Steps to Inherit

Updated Jul 8, 2024
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As an heir, the steps you must take to obtain an inheritance depend on the type of inheritance process being used: probate, small estate, named beneficiary, or right of survivorship (see Rules of Inheritance).

How to Inherit via Probate

If you have been named in a will, or if there is no will and you are entitled to inherit via intestate succession, you will usually receive your inheritance 12-18 months after the death, via the probate process (see Estate Settlement for details).

The Easy Way: One common approach to inheriting via probate is to simply sit back, let the legal system work, respond to any requests, and eventually (hopefully!) receive your inheritance.

The Thorough Way: If you'd like to be a little more involved, and keep an eye on the process to ensure everything goes smoothly:

  1. Ensure Executor Appointed: Normally, an executor will notify you that he or she has been appointed (or shortly will be), and that the estate settlement process is underway. If no one has been appointed after a reasonable waiting period (3-6 months), you can either encourage someone (such as an executor named in the will) to start the process, apply to become the executor yourself, or ask the court to appoint a third-party executor.
  2. Receive Notice of Probate: Once an executor has been appointed, if you do not receive notice that you are entitled to an inheritance, reach out directly to the executor, and if you do not receive a satisfactory, timely response, to the probate court (see below for finding the appropriate court).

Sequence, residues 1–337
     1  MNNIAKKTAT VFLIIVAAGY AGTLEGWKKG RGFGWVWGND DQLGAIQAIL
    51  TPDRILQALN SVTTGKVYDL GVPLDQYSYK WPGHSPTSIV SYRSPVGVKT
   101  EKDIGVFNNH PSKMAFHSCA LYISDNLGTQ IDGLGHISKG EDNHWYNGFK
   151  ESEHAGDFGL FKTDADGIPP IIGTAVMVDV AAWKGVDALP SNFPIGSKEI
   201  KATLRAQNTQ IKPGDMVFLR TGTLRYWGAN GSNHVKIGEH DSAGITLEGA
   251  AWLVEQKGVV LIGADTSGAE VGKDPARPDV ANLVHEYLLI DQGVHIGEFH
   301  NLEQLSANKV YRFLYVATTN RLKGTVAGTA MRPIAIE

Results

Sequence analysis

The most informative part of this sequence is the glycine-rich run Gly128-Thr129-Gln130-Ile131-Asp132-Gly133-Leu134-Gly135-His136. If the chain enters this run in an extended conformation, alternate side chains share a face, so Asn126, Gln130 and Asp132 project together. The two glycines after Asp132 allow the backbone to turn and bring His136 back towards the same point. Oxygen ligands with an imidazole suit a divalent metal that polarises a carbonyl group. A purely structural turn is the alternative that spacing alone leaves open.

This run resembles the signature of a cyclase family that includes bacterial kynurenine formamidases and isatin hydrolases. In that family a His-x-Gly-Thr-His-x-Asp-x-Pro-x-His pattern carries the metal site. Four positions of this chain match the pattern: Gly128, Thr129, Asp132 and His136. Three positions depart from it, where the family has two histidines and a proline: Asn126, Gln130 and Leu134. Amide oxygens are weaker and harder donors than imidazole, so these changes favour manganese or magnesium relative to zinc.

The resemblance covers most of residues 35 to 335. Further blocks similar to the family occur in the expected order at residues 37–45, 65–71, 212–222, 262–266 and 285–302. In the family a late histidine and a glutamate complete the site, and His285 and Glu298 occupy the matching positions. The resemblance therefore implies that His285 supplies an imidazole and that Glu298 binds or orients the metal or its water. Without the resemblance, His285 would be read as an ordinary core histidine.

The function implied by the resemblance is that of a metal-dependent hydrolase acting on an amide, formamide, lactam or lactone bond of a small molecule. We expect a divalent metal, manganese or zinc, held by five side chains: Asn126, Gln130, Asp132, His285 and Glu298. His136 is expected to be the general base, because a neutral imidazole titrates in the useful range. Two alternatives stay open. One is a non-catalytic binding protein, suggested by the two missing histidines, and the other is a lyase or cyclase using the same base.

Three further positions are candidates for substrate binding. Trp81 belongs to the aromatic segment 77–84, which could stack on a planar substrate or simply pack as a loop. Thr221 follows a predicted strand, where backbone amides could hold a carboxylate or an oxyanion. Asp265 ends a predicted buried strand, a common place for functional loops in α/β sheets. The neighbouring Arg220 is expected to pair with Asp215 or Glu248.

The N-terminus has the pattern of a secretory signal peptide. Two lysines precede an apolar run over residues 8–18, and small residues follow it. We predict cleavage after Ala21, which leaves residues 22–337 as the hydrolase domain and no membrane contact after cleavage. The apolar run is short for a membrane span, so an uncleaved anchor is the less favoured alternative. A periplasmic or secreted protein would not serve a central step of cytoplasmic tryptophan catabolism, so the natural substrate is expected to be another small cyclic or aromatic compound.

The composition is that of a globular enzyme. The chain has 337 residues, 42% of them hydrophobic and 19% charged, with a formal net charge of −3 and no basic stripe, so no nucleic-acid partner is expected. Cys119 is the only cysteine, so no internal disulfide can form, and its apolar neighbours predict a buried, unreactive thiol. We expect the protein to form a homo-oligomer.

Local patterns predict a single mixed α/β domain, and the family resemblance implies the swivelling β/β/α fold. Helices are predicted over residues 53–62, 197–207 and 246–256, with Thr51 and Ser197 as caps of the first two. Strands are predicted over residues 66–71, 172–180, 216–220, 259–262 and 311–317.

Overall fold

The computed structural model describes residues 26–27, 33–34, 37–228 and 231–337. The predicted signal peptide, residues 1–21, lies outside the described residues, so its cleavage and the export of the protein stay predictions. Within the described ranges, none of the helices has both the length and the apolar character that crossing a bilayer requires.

3. Maintain Executor Relationship: Try to maintain a good relationship with the executor, since he or she has significant discretionary power over the estate. Let the executor know if you have a preference for certain items to be included in your share, if you'd prefer that certain items be sold off (or not), and how you'd like your inheritance delivered. See also Working with Executors.
  4. Claim Family Entitlements: If you are a surviving spouse or dependent child, you may be entitled to certain rights (that supercede the will or intestate succession rules) that you need to proactively claim in the early staged of the settlement process if you want to exercise them. See state-specific Family Entitlements.
  5. Monitor Court Filings: Early on you should be able to see an Inventory Report, detailing all assets and debts of the estate. At the end of the process, you should be able to see a Final Accounting Report, which explains how the debts were resolved, what expenses (and income) were involved during estate administration, and the proposed distribution. In many states, the executor is required to directly send you copies of these reports.
  6. Receive Inheritance: Receive your inheritance and sign the distribution receipt. You may be asked to waive your future rights to sue: normally this request is just standard best practice on the part of the executor, but you should consider consulting a lawyer if you are unsure whether you want to waive those rights.
  7. Deal with Taxes: The good news is that by the time you receive your inheritance, the executor should have paid any taxes due, including any personal inheritance taxes. However, if you have inherited a tax-deferred account (such as an IRA), you will have to follow special guidelines, and will likely owe taxes when you make withdrawals from the account (see IRS inherited IRA guidelines).